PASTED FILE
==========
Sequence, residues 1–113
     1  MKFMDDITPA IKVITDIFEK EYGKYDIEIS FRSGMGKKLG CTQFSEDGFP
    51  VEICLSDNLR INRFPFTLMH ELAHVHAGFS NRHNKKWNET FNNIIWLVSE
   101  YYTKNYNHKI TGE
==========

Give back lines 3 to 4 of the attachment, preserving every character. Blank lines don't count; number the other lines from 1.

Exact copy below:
    51  VEICLSDNLR INRFPFTLMH ELAHVHAGFS NRHNKKWNET FNNIIWLVSE
   101  YYTKNYNHKI TGE